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First Move with Julia Chatterley

Texas Immigration Law; Supreme Court Allows Texas To Enforce Own Immigration Law; BOJ Interest Rate Hike; Hong Kong Passing Second National Security Law; IDF Press Ahead With Assault On Al-Shifa Hospital; Israel About To Send Some Palestinian Patients Back To Gaza; Argentina President Criticized For Record Inflation; Controversial Immigration Law; All But One Of World's Most Polluted Cities In Asia; A.I. Picking Your Next Holiday Hot Spot; How A.I. Can Save Travelers Money; First Ever MLB Season Open In South Korea. Aired 6-7p ET

Aired March 19, 2024 - 18:00   ET



EGYPT SHERROD, REAL ESTATE BROKER: U.S. housing sales drop because first - time homebuyers can no longer afford.

JAKE TAPPER, CNN INTERNATIONAL HOST: All right. Egypt, thank you so much. Really appreciate it.

Join me Sunday night for the special we're going to have on C.J. Rice and also, a brand-new episode of "United States of Scandal." We're going to dig

into the leaking of the identity of CIA Operative Valerie Plame by Bush administration officials. You might think you know the whole story, but you

probably don't. It's Sunday night at 9:00 Eastern Pacific here on CNN. The news continues on that. See you now.

JULIA CHATTERLEY, CNN INTERNATIONAL HOST: A warm welcome once again to "First Move." Here's today's need to know. The U.S. Supreme Court rules

that Texas can enforce a state law that allows police to arrest and detain migrants suspected of entering the country illegally.

The Bank of Japan raising interest rates for the first time in 17 years.

And fancy letting A.I. pick your next holiday hotspot. Well, if the answer is yes, then travel firm Kayak may have you covered. The founder and CEO

joins us to discuss their latest technology. That conversation and plenty more coming up.

But first, controversial border security. The U.S. Supreme Court clearing the way for Texas to begin enforcing its own immigration law. It lets state

law enforcement to arrest people they suspect of entering the nation illegally and they can also order deportations.

Immigration advocates and the federal government have raised a whole host of concerns, including fears of racial profiling with Latinos comprising 40

percent of the state's population.

And joining us now is John Sandweg. He's partner at the law firm Nixon Peabody. He's also a former acting director of U.S. Immigration and Customs

Enforcement. John, great to have you on the show. We can argue the legality of this until we're blue in the face. I think at this moment, the

practicalities matter more.

How do you best avoid at this stage some form of conflict between federal border patrol and now state and local enforcement agents? And how do you do

this in a, to my point there, non-discriminatory way?

JOHN SANDWEG, FORMER ACTING U.S. IMMIGRATION AND CUSTOMS ENFORCEMENT: Yes, it's going to be hard, right? And it's going to be very interesting to see

how the state actually implements this law in the coming days.

First of all, though, the key is communication. We need communication between the border patrol agents on the ground and the state law

enforcement. There's a lot of tension right now, obviously, between the political leadership, but these agents can't let that tension interfere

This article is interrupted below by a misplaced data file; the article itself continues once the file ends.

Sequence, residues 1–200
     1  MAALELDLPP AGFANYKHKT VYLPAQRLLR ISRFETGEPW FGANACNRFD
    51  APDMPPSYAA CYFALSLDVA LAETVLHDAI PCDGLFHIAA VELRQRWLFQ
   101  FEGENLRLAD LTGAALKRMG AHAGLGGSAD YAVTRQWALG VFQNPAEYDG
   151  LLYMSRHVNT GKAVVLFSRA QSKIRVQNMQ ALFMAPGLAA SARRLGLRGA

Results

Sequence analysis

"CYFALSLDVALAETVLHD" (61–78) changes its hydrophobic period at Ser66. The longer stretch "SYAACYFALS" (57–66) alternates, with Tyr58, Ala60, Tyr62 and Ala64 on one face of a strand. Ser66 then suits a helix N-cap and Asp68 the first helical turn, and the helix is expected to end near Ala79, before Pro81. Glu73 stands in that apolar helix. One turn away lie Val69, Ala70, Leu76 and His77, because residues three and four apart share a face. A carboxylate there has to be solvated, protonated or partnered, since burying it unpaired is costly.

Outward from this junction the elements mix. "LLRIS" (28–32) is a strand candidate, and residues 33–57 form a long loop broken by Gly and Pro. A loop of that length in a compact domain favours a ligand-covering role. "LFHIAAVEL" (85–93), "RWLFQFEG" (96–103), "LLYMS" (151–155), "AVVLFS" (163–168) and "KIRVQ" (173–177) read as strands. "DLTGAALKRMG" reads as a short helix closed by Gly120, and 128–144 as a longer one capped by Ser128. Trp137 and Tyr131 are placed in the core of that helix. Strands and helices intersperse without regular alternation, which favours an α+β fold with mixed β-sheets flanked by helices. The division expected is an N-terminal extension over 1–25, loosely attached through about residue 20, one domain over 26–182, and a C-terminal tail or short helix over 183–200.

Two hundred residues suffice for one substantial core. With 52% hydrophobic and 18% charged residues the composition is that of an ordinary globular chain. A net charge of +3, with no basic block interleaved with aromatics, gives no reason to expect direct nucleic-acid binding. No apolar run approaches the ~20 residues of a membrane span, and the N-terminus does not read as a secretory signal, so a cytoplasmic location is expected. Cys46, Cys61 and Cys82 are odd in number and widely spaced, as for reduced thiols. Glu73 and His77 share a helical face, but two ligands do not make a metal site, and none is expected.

with their core missions. We just need to make sure we avoid conflicts.

But look, you raise a great question. How are you going -- how is the state going to enforce this in a way that is non-discriminatory? I think, you

know, my bigger concern is especially as you get farther away from the immediate border, it's really hard to do that. And the federal government

has access to a lot of databases and information that's not available to the state. They're also given a lot of training. So, I think there really

are serious concerns that Texas is going to be able to implement this in a way, you know, in a non-discriminatory fashion.

CHATTERLEY: I mean, what we're saying is that U.S. citizens may be approached at this stage. Are we asking whether or not they now have to

carry a passport to be able to say, look, I'm a U.S. citizen, I'm not a migrant, and having that constant interaction? I mean, how often does that

happen today versus, in your mind, what will happen as we start to see state and local enforcement agents, police officers taking charge here?

SANDWEG: Yes. Julia, listen I hate to say it, it happens at the federal level as well, where you have officers who are really specifically trained

on these issues and mistakes have been made.

When I was at DHS and then at ICE, certainly, there were very limited, thankfully, cases and nobody wants to see this happen, but where U.S.

citizens were arrested. My concern here now is you've empowered state local law enforcement who don't have the training of federal immigration

officers, who don't have access to, like I said, those databases where they can verify nationality. And now, they're going to be making decisions about

whether someone is a U.S. citizen or lawfully present or whether they cross the border.

That's concerning, you know, obviously, because it's very difficult work to begin with, but when you have officers who are trained on things that are

critically important, public safety type law enforcement, now doing regular immigration enforcement you can see very likely that we're going to hear

about some, you know, horror stories here of U.S. citizens who were arrested.

CHATTERLEY: I mean, this could change again. This is being appealed and debated in lower courts. We're going to get a decision on that in in early

April. Let's say if, and it is an if, this ruling is upheld by the lower court, are we going to see copycat legislation?

I mean, the obvious ones to think about here Florida, Arizona that go, OK, we'd actually like to be able to control our borders in the same way and